If you are reading this, it’s likely you already are aware of what an ICO bounty is and what it entails.
For the under-informed, a bounty on a token or coin offering is simply this: a commission paid to an individual or group of individuals for promoting a coin or token offering.
It’s the unregistered equivalent of a selling agent who is part of an underwriting syndicate in a traditional IPO. Promoters get paid commissions for finding investors to a deal. Social media channels have been the largest
There are several legal and risk issues inherent with a bounty, which I will discuss below. Keep in mind, most of these are discussed through the lens of United States securities laws. This is not legal or investment advice, but likely practically good advice, regardless of where you stand on thing related to ICO bounties.
Blockchain companies looking to utilize a bounty incentive program for promoting their initial coin offering (ICO), should first consider the following:
- Is the token or coin a security? For risk aversion purposes and based on the stance the SEC has recently taken, it would be healthy to assume the answer is “yes” for the purposes of this discussion.
- Are you operating your offering under one or more of the requisite securities exemptions (e.g. Reg D, Reg A, Reg S, etc.)?
- If you are, are the promoters with which you have engaged United States citizens? If so, are they registered under an appropriate Self-Regulatory Organization (SRO) in order to receive a commission for their promotion of a security?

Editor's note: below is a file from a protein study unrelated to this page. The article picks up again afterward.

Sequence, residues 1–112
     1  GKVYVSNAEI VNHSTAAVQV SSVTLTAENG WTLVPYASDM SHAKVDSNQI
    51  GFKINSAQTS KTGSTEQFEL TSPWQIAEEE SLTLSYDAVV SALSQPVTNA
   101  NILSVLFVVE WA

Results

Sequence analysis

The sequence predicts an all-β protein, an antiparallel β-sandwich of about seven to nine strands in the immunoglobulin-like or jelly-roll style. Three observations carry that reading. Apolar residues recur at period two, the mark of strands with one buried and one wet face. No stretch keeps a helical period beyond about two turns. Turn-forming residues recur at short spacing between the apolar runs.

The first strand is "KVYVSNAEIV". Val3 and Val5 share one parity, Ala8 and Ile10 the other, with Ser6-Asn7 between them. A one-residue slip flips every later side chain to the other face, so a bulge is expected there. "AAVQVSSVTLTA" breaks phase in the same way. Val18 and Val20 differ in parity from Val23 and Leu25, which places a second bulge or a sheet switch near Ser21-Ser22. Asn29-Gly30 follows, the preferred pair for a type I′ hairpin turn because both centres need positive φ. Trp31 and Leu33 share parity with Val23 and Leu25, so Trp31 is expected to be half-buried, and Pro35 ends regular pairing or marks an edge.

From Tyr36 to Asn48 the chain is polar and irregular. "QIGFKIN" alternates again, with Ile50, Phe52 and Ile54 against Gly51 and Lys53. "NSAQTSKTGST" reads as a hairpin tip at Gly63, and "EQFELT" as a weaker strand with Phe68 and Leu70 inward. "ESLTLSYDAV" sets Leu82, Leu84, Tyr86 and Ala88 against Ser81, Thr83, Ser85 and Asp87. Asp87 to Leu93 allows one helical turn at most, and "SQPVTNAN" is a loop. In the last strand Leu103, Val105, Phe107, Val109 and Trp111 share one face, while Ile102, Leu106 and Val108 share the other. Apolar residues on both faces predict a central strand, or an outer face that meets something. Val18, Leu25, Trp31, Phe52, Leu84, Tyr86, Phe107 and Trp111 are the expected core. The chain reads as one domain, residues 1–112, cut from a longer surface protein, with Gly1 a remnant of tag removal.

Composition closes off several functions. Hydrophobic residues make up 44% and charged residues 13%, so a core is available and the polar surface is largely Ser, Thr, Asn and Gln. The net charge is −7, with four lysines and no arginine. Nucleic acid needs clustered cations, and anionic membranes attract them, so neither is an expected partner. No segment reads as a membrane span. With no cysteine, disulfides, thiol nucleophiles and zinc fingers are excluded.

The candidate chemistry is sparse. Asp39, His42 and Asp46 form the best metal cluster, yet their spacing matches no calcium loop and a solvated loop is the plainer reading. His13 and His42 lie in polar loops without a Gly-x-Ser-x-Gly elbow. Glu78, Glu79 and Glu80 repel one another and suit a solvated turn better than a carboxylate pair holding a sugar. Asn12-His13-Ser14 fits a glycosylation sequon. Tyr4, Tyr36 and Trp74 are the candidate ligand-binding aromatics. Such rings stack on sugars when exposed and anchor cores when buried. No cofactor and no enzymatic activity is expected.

- Are the promoters foreign citizens? If so, do they reside outside the United States and are they only promoting and/or selling tokens or coins to non-U.S. citizens?
- Have you performed appropriate background checks, including KYC and AML on all associated promoters and finders to the bounty?
The previous questions are critical for understanding the risks associated with your ICO bounty and paying commissions to those promoting an offering.
Even if an issuer elects to pay a foreign finder to bring foreign investors (not U.S. investors), there is likely little no control over the marketing message–which represents a huge risk in and of itself.
As a promoter or potential promoter, it is critical to ask the following questions:
- Is the issuer domiciled in the United States? If so, is the company appropriately listing the tokens or coins under one of the aforementioned securities exemptions?
- Are you a U.S. citizen? If so, are you promoting or selling to United States citizens and receiving a commission therefrom?
- Are you appropriately registered to receive a commission from the sale of securities?
As a promoter or potential promoter of an ICO bounty, it is important to understand your legal exposure past, present and future. If you are a United States citizen who is promoting and selling tokens for a commission to United States citizens, there is a problem.
While it is technically legal for a unregistered foreign finder to receive a commission from a U.S.-based entity or broker for promoting a security to foreign nationals on a U.S.-based deal, there are other risks to consider, including: foreign securities laws & jurisdictional oversight, promoter background and promoter marketing tactics.
As a U.S. citizen, it is best advised to steer clear of bounties altogether. It represents a web of potential liability that is not worth the potential commission involved. This is one of several reasons to engage an investment banker in your initial coin offering.